Around 300,000 Turks marched on Saturday to try to stop the ruling AK Party from picking Prime Minister Tayyip Erdogan as their presidential candidate next week because of his Islamist roots.
The AK Party has its background in political Islam, and a possible presidency headed by Erdogan has split this secular but predominantly Muslim country seeking European Union membership. "Turkey is secular and will remain secular forever," shouted protesters as they waved national flags and banners of Mustafa Kemal Ataturk, revered founder of the republic which separated religion and state.
Tens of thousands of people were bussed into the capital Ankara from across the country to attend the rally organised by a staunchly secularist association in Tandogan square, one of the biggest gatherings in recent years.
A police official told Reuters the figure of 300,000 protesters was being circulated on police radio. Some 10,000 police were on duty, but crowds were generally calm. Many of the speeches attacked the United States and the European Union, calling on Turks to defend their country - echoing a rise in nationalism over the past year.
Thousands of people waving flags and clutching portraits of Ataturk also gathered at his mausoleum, a place where Turks seek solace in times of tension.
Turkey's secular elite, which includes army generals and judges, fear Erdogan as president would try to undermine Turkey's strictly secular state.
The AK Party has a big enough majority in parliament to elect Erdogan, or anybody else it chooses, to the seven-year post as head of state. The party is expected to name its candidate on April 18. Parliament is due to vote in May.
"We're warning the deputies in parliament. We're worried that the secular character of Turkey will be removed if Erdogan or Bulent Arinc (AK Party member and parliament speaker) is elected president," Said Huseyin Ozen, a retired teacher.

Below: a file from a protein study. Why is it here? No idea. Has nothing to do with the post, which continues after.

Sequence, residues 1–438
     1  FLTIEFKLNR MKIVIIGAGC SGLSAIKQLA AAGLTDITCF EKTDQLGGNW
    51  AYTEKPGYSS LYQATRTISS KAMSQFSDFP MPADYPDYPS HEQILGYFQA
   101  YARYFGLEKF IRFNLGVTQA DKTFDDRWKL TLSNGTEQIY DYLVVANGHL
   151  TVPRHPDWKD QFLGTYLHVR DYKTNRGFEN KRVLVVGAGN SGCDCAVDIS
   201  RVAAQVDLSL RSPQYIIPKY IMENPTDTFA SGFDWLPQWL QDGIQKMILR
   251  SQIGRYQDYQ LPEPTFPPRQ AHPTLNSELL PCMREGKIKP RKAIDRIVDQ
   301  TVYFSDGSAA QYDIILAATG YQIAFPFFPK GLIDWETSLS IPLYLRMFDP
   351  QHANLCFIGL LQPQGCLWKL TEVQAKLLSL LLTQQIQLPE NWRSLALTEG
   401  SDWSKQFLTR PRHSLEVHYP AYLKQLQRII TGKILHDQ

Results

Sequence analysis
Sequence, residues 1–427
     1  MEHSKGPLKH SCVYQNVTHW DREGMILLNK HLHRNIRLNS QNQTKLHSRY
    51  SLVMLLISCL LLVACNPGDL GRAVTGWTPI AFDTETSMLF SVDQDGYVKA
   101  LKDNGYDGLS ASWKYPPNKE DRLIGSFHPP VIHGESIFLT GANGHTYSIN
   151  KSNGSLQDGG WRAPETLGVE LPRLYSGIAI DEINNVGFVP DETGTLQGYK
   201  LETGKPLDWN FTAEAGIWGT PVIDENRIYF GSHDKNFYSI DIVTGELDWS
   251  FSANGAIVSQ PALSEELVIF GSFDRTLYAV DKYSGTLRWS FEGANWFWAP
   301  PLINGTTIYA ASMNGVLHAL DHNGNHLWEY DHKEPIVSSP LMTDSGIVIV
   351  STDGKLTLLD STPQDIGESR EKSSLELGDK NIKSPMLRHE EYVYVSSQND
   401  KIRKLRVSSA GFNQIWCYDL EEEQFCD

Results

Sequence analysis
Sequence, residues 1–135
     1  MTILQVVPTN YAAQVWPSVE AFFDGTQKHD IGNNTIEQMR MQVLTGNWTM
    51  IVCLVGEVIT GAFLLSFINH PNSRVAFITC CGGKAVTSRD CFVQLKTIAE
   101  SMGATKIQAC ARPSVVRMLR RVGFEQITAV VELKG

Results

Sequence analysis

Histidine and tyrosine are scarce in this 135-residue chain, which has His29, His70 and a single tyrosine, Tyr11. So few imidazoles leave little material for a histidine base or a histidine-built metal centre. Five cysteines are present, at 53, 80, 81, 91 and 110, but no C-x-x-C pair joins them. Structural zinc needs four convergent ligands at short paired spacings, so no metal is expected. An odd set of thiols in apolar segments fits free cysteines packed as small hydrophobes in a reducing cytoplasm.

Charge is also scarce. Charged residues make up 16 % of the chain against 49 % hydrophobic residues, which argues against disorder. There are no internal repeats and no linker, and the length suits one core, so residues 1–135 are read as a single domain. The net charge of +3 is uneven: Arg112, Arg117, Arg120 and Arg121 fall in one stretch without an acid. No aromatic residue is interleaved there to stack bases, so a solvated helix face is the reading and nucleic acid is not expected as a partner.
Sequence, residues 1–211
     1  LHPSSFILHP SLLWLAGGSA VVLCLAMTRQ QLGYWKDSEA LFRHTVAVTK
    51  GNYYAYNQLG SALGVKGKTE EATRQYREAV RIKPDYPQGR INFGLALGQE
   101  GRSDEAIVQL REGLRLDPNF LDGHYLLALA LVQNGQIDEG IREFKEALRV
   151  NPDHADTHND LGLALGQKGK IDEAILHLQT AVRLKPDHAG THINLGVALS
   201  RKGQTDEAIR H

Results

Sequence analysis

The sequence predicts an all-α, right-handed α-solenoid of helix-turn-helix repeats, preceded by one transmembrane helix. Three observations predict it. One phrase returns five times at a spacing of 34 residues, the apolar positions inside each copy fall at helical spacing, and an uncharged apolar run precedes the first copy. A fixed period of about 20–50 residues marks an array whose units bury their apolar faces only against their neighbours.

Erdogan denies any Islamist agenda and says he has broken with his past and is now a conservative democrat. Erdogan, who has presided over strong economic growth and the launch of EU entry talks, has not confirmed whether he will run. While he is Turkey's most popular and charismatic politician, opinion polls suggest a majority of people in the country do not want him to become president.
"We're here to defend the republic. We're here to defend the women's rights which Ataturk gave to us ... I hope Erdogan will not become president," said Sanem Erdem, a 28-year-old shop owner.
Outgoing President Ahmet Necdet Sezer said on Friday the country's secular system of government faced its gravest danger since the founding of the republic in 1923, in comments seen as a direct attack against the AK Party.
The stark warning from Sezer, ahead of polls that could give Turkey its first head of state with Islamist roots, came on the heels of similar remarks by the powerful army chief on Thursday. The army - the most respected institution in Turkey according to opinion polls - has ousted four governments from office in the past 50 years, most recently in 1997.
Analysts say the rally will be the last opportunity for secularists to pressure the AK Party to pick a compromise candidate for head of state, a seat which carries great symbolic weight in Turkey.
"The road to Cankaya (presidential palace) is closed to sharia (Islamic law)," a group of youths chanted at the rally in a reference to Islamic law practiced in many Muslim countries. Erdogan and the AK Party stress they are faithful believers in secularism, which combines a strict separation of state and religion but also carries heavy undertones of nationalism and a strong central state.
Critics say efforts by the AK Party to remove a ban on Islamic-style headscarves, to expand religious Islamic teachings, appoint religiously minded members to senior positions in the Turkish bureaucracy and to ban alcoholic beverages from local municipalities point to the contrary.